Tag Archives: Cycling

AMSTERDAM TO NAARDEN – a fine spring cycle

By the Amstel River. 'Amster-dam' = 'Dam on the Amstel', remember?

By the Amstel River. ‘Amster-dam’ = ‘Dam on the Amstel’, remember?

We’ve just arrived back in Holland, the breeze is gentle and the rain won’t be with us for two more days. So what better way to fight the jetlag than a ride through the Dutch countryside?

One of the most hit-on posts on this blog is my brief list of Holland’s Prettiest Villages. I decided I’d see how many of them I could manage to ride around in a day. My route took me through Ouderkerk aan de Amstel, Abcoude, Weesp, Naarden, Muiden and back to Amsterdam. A respectable 72kms, plus a few where I forgot to switch the computer back on.

If that seems a bit energetic for Day 1 in the saddle, let me confess up front that Mevrouw T kindly offered me use of her electric bike. I know, that’s cheating, but we thought the beast should be tested again, before we take it farther afield.

It was indeed a lovely ride, and the bike’s electric booster left me energy over for photography. Continue reading

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Filed under Cycle touring, Cycling, Holland

BIKES ON DYKES – planning a Dutch cycling tour

Cycling in Holland is a family affair.

Cycling in Holland is a family affair.



We’ll be back cycling in The Netherlands in less than a fortnight, so we’re planning some interesting routes.

Coincidentally, my correspondent Lianne just sent me a few questions (with attached compliments – flattery will get you everywhere!) about how to arrange a cycling holiday there.

So here it is – info on bike hire, route planning, weather, all the essentials to get started on planning a bike trip through Nederland. Continue reading

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MY NEW RUNNING TOY – road-tested on wheels

The Garmin Forerunner 110.

The Garmin Forerunner 110.

My son thoughtfully gave me a heart rate monitor for my last birthday.

I was touched that he was concerned about his old dad’s ticker, but wait, there’s more… In the package with the heart monitor was a Garmin Forerunner 110, a GPS device designed for runners. It was a generous present, which I’ve been putting to good use, hoping to keep my heart going for several more birthdays at least.

The Forerunner 110 is really intended to adorn the wrists of athletes who care about their personal bests, their lap times and indeed, their heart rates. I’ve been trying it out on my cycling expeditions, on most of which I’ve left the heart monitor at home. Continue reading

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IT ALMOST CONVERTS YOU TO MONARCHISM…ALMOST!

Dutch King Willem Alexander and Queen Maxima on their way to watch the speedskating in Sochi.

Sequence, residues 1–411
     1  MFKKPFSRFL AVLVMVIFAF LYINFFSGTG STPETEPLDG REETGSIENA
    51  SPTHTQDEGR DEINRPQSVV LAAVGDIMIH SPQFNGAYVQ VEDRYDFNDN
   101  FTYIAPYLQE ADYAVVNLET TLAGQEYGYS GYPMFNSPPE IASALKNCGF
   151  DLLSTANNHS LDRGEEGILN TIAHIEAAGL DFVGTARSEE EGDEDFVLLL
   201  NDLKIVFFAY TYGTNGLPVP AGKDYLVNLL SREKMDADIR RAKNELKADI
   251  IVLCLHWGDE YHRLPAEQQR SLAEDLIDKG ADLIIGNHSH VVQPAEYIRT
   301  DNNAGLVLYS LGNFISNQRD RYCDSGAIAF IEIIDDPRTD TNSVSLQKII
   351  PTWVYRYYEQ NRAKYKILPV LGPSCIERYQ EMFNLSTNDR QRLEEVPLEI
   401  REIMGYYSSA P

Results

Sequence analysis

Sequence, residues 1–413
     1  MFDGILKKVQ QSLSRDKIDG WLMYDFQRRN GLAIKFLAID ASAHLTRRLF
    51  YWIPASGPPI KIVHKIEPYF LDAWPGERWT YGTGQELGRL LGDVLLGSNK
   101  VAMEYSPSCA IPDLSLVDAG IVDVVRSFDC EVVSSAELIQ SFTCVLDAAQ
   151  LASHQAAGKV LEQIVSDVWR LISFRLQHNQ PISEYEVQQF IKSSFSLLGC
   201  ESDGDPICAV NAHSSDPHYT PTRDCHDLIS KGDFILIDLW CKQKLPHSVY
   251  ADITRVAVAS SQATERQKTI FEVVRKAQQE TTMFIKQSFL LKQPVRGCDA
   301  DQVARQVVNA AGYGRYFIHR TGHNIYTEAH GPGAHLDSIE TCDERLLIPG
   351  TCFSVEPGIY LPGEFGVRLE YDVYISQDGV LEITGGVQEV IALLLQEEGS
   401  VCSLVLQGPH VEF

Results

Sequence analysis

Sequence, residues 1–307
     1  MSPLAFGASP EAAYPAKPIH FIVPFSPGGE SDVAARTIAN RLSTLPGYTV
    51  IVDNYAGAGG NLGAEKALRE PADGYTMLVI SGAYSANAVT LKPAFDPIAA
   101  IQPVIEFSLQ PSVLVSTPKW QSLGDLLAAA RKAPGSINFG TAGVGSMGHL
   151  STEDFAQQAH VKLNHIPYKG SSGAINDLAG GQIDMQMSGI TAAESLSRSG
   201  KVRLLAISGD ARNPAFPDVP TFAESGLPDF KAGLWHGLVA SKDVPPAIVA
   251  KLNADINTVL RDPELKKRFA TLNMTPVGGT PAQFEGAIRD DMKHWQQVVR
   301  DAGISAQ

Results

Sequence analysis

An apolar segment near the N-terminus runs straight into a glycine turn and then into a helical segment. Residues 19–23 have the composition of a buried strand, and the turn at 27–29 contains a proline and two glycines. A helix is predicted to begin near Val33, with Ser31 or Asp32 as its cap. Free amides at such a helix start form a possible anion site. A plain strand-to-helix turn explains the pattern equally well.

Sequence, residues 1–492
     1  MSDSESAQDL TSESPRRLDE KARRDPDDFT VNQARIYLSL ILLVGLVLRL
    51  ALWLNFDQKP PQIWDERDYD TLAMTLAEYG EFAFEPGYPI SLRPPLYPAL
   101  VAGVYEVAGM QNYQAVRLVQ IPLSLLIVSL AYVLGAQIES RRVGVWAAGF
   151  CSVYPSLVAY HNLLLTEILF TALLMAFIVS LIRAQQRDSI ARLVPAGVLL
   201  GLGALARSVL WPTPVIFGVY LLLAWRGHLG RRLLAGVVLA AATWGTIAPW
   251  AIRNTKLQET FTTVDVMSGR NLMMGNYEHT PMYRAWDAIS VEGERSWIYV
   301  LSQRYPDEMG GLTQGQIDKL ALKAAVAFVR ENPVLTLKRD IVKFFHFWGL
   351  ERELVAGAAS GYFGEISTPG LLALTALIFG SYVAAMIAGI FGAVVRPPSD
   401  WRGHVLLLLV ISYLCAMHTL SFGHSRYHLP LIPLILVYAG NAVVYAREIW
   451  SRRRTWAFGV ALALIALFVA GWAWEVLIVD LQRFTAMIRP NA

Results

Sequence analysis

Dutch King Willem Alexander and Queen Maxima on their way to watch the speedskating in Sochi.

Okay, the orange bikes are probably being provided by Dutch taxpayers, and the shot may be a strategically placed PR photo op.

But you have to like the idea that they thought it was a good idea. All it needs now is for the guys in the middle to be holding hands and discreetly waving rainbow flags…

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CIRCUM-LAKE-UTION – cycling round the Bodensee

Will we have as much fun as the people in the picture?

Will we have as much fun as the people in the picture?

The Sydney Morning Herald recently published my article about our epic ride around Lake Constance on Europe’s most popular cycling route, so now I can release the full story on the blog…

I’m regularly reminded that my wife is smarter than I am. She doesn’t need to do the reminding personally; usually it’s only too obvious. On this trip she’s riding an electric bike. Continue reading

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Filed under Austria, Cycle touring, Cycling, Germany, Switzerland

ANOTHER BIKE STOLEN – DAMN!

Mevrouw T’s bike was stolen last week.

Pouring rain, a dash into the supermarket, forgetting to fasten the lock, remembering too late, a dash out of the supermarket, a desperate search of the bike racks, questions to bystanders (who naturally saw nothing)…and a long walk home. In the rain.

It wasn’t only the bike she lost, and the just-purchased lunch of Hollandse Nieuwe herring she had in the saddlebag; self-respect and faith in humanity were stolen too. ‘How could I be so stupid?’ was closely followed by ‘How could anyone be so mean?’ and ‘What sort of sick town/society/world do we live in?’

Bicycle theft is falling from its highs in the early 2000s, but is still the most common crime in Amsterdam. I did some research on the figures. Sobering reading.
Continue reading

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Filed under Cycling, Holland